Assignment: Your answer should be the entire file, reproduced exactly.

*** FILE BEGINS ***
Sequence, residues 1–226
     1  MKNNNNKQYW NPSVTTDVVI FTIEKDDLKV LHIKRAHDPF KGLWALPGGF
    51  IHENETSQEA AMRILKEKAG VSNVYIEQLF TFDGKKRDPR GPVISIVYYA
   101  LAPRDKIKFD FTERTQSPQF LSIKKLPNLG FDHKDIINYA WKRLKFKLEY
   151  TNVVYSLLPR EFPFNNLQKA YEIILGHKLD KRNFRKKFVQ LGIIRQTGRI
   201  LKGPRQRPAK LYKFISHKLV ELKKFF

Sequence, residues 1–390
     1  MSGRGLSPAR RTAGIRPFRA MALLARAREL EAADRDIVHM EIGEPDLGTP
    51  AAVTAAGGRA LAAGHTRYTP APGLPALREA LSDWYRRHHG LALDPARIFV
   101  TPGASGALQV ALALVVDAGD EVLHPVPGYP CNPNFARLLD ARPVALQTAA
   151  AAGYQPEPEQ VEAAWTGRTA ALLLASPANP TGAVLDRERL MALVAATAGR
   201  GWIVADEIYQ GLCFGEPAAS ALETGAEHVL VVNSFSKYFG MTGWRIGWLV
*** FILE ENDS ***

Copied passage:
Sequence, residues 1–226
     1  MKNNNNKQYW NPSVTTDVVI FTIEKDDLKV LHIKRAHDPF KGLWALPGGF
    51  IHENETSQEA AMRILKEKAG VSNVYIEQLF TFDGKKRDPR GPVISIVYYA
   101  LAPRDKIKFD FTERTQSPQF LSIKKLPNLG FDHKDIINYA WKRLKFKLEY
   151  TNVVYSLLPR EFPFNNLQKA YEIILGHKLD KRNFRKKFVQ LGIIRQTGRI
   201  LKGPRQRPAK LYKFISHKLV ELKKFF

Sequence, residues 1–390
     1  MSGRGLSPAR RTAGIRPFRA MALLARAREL EAADRDIVHM EIGEPDLGTP
    51  AAVTAAGGRA LAAGHTRYTP APGLPALREA LSDWYRRHHG LALDPARIFV
   101  TPGASGALQV ALALVVDAGD EVLHPVPGYP CNPNFARLLD ARPVALQTAA
   151  AAGYQPEPEQ VEAAWTGRTA ALLLASPANP TGAVLDRERL MALVAATAGR
   201  GWIVADEIYQ GLCFGEPAAS ALETGAEHVL VVNSFSKYFG MTGWRIGWLV